Stepfamily Strategy

Stepfamily

Press On!
While on a recent flight to Chicago, the pilot of my (Ron’s) airplane came on the loudspeaker to caution the passengers: “As you can tell, we’re experiencing some turbulence,” he said. “We’ve turned on the Fasten Seat Belt sign for your protection, and we want you to know that if you get out of your seat and break your arm, it’s on your nickel.” While the passengers didn’t appreciate his tone, we did value the caution. Anyone trying to build a marriage in a stepfamily should heed these words of caution: “Buckle your seat belts and remain seated. The ride ahead may be bumpy for a while, but it will smooth out as you go. Press on, and don’t jump out of the plane!”

Where are you NOW? (Identify and Discuss Your Results)

a. Make a list of everyone in your “stepfamily forest.” Be sure to include ex-spouses and members of the other households, i.e., anyone who has relational influence with you or your children (adult and minor children included).
b. Which relationships are difficult to manage? Which ones are assets to your marriage?
c. If married, share with each other how you think your marriage has changed since the wedding. How is life more complicated than you anticipated? How have stepfamily matters increased or decreased your couple satisfaction?
d. For those not yet married, what is your reaction to learning that couple satisfaction is more influenced by stepfamily matters after the wedding than it typically is before the wedding?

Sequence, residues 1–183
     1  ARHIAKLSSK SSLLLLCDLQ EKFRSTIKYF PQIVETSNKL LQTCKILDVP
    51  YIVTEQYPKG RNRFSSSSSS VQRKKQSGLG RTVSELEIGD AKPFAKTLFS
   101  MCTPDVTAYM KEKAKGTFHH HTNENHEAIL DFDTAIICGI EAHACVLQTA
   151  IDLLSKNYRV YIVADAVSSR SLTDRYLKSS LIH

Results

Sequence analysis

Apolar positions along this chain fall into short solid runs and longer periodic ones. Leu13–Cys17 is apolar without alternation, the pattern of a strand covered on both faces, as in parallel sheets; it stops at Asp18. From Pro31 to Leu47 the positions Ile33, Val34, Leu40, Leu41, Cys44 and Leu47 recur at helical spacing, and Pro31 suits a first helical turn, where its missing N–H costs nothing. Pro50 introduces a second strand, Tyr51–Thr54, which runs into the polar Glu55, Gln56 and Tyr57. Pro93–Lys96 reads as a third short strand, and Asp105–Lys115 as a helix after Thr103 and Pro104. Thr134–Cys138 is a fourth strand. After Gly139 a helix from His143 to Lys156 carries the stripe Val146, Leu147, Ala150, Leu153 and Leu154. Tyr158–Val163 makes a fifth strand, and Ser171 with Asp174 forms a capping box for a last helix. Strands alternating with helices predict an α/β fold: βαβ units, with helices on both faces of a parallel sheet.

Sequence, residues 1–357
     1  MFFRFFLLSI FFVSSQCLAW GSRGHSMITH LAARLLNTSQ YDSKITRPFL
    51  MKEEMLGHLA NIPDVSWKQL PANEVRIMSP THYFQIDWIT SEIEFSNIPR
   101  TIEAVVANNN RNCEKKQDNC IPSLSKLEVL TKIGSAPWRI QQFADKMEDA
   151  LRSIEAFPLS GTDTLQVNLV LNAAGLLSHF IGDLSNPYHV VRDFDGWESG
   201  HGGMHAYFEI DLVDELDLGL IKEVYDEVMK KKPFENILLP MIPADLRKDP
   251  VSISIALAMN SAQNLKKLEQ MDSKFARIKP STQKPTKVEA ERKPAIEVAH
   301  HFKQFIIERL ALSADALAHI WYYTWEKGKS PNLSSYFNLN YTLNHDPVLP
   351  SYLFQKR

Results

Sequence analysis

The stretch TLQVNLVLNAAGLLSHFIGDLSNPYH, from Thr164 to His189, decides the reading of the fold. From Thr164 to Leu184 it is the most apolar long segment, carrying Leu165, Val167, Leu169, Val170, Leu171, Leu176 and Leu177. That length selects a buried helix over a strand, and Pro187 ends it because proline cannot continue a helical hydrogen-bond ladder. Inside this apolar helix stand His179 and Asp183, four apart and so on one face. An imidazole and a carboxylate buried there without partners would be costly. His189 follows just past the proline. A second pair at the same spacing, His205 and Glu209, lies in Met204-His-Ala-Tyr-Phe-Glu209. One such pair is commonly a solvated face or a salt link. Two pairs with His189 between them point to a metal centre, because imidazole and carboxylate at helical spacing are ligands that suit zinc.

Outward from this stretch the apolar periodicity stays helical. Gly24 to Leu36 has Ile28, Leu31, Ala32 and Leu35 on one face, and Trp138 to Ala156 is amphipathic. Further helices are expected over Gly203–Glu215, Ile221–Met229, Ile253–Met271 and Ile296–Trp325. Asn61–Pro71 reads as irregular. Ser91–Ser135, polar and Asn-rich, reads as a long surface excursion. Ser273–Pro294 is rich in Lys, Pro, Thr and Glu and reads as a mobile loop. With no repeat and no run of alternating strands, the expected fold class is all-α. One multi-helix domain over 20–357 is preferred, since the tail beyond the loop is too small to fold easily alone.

Where would you like to be? (Discuss Issues)

a. What strengths do you not possess right now? Don’t try to resolve any issues yet, but envision how your relationship might look once this aspect is stronger.
b. In what ways do you feel overwhelmed when you think about what could be improved in your relationship?

How do you get there? (Develop Your Action Plan)

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a. Continue to build on the strengths that you identified in chapter 2 — keep doing the positive things you are doing well.
b. Develop your action plan: What might be a first step toward making your vision for a better relationship a reality? Decide what the first step for each of you might be and begin living it out very intentionally. Don’t worry if it feels phony or contrived; just take the first step toward change and evaluate the results later.
c. Revisit your plan: In another week or so, set a time to review your progress.
d. What is your plan to get educated regarding stepfamily development?

Want to learn more about stepfamily living? We highly recommend you read Ron’s book The Smart Stepfamily: Seven Steps to a Healthy Family and check out the DVD series, available at SmartStep-families.com.

Remember, the goal is to turn your stumbling blocks (issues) into stepping-stones (strengths).

Excerpted from The Remarriage Checkup: Tools to Help Your Marriage Last a Lifetime by Ron L. Deal and David H. Olson. Copyright © 2010  Published by Bethany House, a division of Baker Publishing Group. Used by permission. Unauthorized duplication prohibited.

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About Ron Deal

Ron DealRon Deal is a marriage and family author, conference speaker, and therapist. He is founder and president of Smart Stepfamilies™ and director of FamilyLife Blended™, the ministry initiative of FamilyLife® to stepfamilies.  
See Ron Deal's Books

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